When Paul joined Pam upstairs, they were confronted with a room packed full of hundreds upon hundreds of stink bugs.

Pam described the scene as “something from a horror movie” as the bugs covered the couple’s walls and ceilings.

After an entire night of clearing bugs from every conceivable orifice in their bedroom, Pam and Paul were finally comfortable enough to go to sleep.

However, their stinkbug nightmare wasn’t over as they found numerous bugs in unwanted areas over the following days.

In fact, the article states they have never been entirely free of stink bugs ever since that evening.

As you can see from Pam and her partner’s experience, it does not take long for stink bugs to take hold inside a building.

In just one night, their home had become overrun with them and, even years later, the problem wasn’t fully rectified.

The very same New Yorker article also mentions an account from a wildlife biologist in Maryland who had a stink bug problem in his home. The biologist decided to count every single stink bug he killed in his house.

After six months, he decided to end his experiment with the count at a staggering 26,205 dead bugs! Yet another example of just how quickly an infestation can reach staggering proportions.

Stink Bugs and Agricultural Damage

Not only can stink bugs become a domestic pest and a horror story for homeowners, but they can also spell even bigger trouble for farmers and their crops.

As I’ve already discussed, the colder months are the time of year when you can expect stink bugs to wreak havoc on residential properties.

During the warmer months, the bugs become a completely different kind of pest to an entire industry.

Since they were first found in North America during the 1990s, brown marmorated stink bugs have become a severe threat to millions of acres of American and Canadian farmland.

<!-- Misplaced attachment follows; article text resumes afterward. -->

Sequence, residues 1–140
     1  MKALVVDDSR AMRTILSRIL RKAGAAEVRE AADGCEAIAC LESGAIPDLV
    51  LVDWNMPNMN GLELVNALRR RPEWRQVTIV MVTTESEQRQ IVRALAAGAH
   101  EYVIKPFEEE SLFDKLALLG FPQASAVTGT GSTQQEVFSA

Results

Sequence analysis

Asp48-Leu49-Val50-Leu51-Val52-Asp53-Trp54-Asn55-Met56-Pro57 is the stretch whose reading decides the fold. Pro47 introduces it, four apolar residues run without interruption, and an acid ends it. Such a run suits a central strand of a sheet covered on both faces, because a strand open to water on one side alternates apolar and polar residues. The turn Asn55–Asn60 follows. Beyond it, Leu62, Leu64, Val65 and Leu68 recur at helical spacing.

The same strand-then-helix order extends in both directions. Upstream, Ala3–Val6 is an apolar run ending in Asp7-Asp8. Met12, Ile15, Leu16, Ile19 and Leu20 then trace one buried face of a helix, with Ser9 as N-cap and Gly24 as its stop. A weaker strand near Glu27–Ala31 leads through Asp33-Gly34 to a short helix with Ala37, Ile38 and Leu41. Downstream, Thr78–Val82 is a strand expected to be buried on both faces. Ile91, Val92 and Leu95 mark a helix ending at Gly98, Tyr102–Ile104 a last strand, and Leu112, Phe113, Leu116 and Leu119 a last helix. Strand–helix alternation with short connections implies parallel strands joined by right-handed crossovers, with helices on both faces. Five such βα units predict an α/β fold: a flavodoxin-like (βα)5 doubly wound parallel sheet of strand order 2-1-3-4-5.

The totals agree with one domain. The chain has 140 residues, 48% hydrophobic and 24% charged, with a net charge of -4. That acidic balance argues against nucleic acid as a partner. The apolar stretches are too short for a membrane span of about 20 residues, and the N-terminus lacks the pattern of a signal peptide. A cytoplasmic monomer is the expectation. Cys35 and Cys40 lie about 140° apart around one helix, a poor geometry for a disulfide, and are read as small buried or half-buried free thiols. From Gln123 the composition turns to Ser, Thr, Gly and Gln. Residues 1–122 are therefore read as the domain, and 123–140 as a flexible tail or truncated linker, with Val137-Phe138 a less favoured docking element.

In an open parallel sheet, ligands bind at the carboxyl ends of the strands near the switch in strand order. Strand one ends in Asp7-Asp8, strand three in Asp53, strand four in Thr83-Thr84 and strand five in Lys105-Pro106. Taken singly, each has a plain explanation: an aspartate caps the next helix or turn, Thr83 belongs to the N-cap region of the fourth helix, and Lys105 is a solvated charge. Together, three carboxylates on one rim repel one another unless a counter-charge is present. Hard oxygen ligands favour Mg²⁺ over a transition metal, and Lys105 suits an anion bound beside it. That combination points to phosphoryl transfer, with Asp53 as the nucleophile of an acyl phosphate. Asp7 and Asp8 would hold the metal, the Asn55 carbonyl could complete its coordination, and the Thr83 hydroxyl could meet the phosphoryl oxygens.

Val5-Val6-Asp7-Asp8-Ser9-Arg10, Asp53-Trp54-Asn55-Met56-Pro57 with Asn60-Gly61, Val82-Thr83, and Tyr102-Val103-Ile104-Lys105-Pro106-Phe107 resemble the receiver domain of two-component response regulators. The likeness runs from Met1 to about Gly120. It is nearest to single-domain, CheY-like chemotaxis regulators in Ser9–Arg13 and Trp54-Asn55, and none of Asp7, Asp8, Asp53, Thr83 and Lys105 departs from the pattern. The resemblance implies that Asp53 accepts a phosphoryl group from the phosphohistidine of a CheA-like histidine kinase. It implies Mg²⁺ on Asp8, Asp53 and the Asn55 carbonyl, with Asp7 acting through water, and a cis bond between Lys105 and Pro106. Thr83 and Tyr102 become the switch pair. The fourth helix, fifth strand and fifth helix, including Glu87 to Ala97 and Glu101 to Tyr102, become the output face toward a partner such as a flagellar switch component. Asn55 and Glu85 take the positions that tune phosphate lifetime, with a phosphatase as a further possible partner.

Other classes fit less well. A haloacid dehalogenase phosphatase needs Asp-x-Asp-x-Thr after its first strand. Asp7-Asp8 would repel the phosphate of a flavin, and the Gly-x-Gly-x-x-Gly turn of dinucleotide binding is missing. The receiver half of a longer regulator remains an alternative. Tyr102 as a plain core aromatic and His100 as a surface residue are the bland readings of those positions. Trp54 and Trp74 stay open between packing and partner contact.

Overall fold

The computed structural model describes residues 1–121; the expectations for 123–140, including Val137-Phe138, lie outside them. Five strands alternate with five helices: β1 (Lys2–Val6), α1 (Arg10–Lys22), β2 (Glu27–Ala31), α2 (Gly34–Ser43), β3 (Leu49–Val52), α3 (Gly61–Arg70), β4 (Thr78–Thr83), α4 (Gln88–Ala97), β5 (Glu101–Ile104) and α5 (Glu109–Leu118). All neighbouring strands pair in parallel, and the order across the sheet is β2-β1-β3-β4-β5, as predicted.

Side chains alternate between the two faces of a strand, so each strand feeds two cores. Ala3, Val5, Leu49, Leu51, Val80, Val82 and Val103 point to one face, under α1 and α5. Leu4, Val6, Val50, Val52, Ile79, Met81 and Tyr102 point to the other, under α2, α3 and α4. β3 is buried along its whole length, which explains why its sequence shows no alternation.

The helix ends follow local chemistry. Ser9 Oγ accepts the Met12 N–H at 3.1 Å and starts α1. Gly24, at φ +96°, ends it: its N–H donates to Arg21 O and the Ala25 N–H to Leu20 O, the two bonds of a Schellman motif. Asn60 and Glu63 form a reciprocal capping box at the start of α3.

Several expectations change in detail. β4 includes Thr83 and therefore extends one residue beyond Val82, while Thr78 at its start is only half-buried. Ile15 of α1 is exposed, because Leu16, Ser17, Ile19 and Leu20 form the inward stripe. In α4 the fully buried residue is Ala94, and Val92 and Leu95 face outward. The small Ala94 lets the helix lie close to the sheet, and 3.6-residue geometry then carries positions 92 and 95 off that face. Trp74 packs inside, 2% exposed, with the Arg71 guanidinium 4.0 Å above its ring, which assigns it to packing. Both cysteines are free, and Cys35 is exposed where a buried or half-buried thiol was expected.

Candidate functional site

Brown marmorated stink bugs will eat such a wide variety of fruit and vegetables, including apples, corn, tomatoes, grapes, and so many more.

When the bugs eat fruits and vegetables, they do so by piercing the skin and sucking out the juice through a straw-like appendage.

Fruit that stink bugs have eaten is left blemished and sometimes rotten.

Even though eating such damaged fruit wouldn’t be harmful to humans, it isn’t the kind of fruit people want to purchase, so its’ resale value and use-cases reduce dramatically.

Often, damaged fruit ends up in juices, which means farmers are paid much less than they would be if the fruit had ended up on supermarket shelves in its natural form.

In some instances, whole bugs can find their way into products derived from fruits and contaminate them.

For example, wine contaminated by stink bugs that have infested a grape crop is unsellable because of the foul taste stink bugs cause.

Such an example can result in an entire crop being rendered totally useless and cost farmers their profits.

Stink Bugs Not Just a US Problem

Stink bugs have been involved in causing millions of dollars worth of damage to US crops, and other countries are very concerned about them potentially crossing their borders.

New reports have been coming out of the UK in 2021, where they are monitoring the rise of shrink bugs in the country. This article reports the bugs are “likely to get a permanent foothold in the UK in coming years.”

UK scientists are also urging members of the public to get in touch with them should they come across brown marmorated stink bugs in an attempt to more closely monitor their numbers and breeding activity in the country.

Elsewhere in Europe, Stink bugs have been a problem for Italian farmers since initial detection in 2012 but have become a significant problem during a time when the global pandemic is already putting a strain on many livelihoods.

The Italian government passed a law that approved the use of a predatory wasp, known as a “samurai wasp,” for combatting stink bug problems in Northern Italian fields.

In addition, over 10 million euros has gone towards protective measures like nets. Still, farming experts feel more needs to be done to compensate farmers that have already seen “significant losses” thanks to the bug.

Alright, that’s it for this article, here are a few hand-selected articles that you might also find interesting reads:

Are Stink Bugs Poisonous? – Well, It’s Complicated

What Are Stink Bugs Good For? 7 Things You Didn’t Know

Where Are Brown Stink Bugs From?

Steve Foster

Mad about bugs and wanting to publish as many articles as I can to help educate people about these amazing beautiful creatures! For more info check out my about page